Not sure about reflectivity of silver, but I do know it is a better electrical conductor than copper, but we do not have our houses wired with twin and earth silver core cable...

I'd quite like to know the answer myself.

Steve

Share this post


Link to post
Share on other sites

Well, if anything else was better or cheaper, it would be already commercially available.

As I see it, until now nothing better came up. At least considering the ratio cost/efficiency.

Share this post


Link to post
Share on other sites
Perhaps the cost IS an issue as the silver would have to be near pure to avoid easily oxidised elements like copper etc in the 'mix'.

Yes, Sterling is cheap, even fine/britannia silver, but then 9K gold is a way different species from pure gold...

Maybe just a matter of 'what works' as the alu coatings these days are usually quartz (or similar) overcoated...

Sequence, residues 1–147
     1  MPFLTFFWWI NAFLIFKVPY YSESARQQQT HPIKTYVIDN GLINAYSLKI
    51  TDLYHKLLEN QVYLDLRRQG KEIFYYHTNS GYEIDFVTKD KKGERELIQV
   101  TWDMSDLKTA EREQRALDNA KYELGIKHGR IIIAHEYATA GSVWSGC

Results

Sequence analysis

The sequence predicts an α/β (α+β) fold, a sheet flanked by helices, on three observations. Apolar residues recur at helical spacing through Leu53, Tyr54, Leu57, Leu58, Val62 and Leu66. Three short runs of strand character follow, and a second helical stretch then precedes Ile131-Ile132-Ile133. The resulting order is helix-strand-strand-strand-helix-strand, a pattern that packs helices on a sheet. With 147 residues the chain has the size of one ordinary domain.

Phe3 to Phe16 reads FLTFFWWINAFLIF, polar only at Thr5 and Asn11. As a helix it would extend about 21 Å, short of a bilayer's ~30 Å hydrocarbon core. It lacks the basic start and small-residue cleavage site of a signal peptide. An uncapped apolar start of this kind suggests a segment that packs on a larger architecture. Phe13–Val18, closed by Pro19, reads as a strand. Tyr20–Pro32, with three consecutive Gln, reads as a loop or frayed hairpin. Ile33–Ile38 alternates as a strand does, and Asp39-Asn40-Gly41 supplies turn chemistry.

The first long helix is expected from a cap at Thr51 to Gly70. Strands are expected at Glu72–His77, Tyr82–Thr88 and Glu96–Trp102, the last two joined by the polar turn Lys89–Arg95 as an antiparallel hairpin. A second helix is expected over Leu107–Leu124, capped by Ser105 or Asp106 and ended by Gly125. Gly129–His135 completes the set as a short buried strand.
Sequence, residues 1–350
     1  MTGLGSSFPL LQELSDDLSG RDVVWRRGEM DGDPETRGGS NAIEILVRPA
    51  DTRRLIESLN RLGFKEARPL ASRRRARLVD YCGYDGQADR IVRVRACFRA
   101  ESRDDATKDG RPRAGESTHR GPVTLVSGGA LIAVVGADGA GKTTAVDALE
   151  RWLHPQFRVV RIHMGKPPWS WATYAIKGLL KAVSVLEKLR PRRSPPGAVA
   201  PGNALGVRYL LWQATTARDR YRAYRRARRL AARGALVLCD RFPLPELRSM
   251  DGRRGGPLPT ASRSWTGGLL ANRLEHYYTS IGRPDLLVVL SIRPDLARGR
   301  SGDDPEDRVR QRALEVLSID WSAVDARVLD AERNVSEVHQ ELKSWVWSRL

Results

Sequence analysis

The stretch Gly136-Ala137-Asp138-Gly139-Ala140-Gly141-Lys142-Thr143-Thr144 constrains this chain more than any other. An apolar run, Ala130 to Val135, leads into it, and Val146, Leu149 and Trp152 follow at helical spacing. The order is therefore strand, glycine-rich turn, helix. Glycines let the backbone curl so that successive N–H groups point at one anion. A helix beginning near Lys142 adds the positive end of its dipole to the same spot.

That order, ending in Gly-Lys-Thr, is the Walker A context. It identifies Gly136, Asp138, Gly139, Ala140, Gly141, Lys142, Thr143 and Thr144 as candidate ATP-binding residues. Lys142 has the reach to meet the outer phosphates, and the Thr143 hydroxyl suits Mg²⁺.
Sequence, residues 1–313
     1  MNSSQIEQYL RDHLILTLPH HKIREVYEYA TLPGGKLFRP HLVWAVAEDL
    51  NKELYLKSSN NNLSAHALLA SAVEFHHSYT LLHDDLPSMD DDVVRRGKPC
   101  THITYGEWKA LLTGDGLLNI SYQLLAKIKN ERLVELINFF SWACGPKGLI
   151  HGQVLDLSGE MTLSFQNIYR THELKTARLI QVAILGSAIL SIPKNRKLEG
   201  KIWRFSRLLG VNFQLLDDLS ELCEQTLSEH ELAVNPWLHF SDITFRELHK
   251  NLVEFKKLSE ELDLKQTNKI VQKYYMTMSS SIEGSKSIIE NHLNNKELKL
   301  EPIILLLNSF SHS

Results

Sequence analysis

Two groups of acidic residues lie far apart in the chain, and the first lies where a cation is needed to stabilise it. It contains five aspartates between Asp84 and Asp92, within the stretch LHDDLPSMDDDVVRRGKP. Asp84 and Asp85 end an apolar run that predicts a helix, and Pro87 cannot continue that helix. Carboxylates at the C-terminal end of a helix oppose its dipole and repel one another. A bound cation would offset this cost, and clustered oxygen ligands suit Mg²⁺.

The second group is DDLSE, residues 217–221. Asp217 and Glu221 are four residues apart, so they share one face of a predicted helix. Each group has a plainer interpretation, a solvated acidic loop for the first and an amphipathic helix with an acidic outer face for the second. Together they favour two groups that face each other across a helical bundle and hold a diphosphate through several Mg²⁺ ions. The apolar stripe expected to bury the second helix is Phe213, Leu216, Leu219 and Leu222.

Not sure about reflectivity of silver, but I do know it is a better electrical conductor than copper, but we do not have our houses wired with twin and earth silver core cable...

I'd quite like to know the answer myself.

Steve

Umm, p'raps ? but surely silver coatings would be electrostatically deposited either from a pure Ag source or from solution either way impurities wouldn't be an issue I don't think.

Perhaps it IS available as an upgrade to stnd coatings ?

Share this post


Link to post
Share on other sites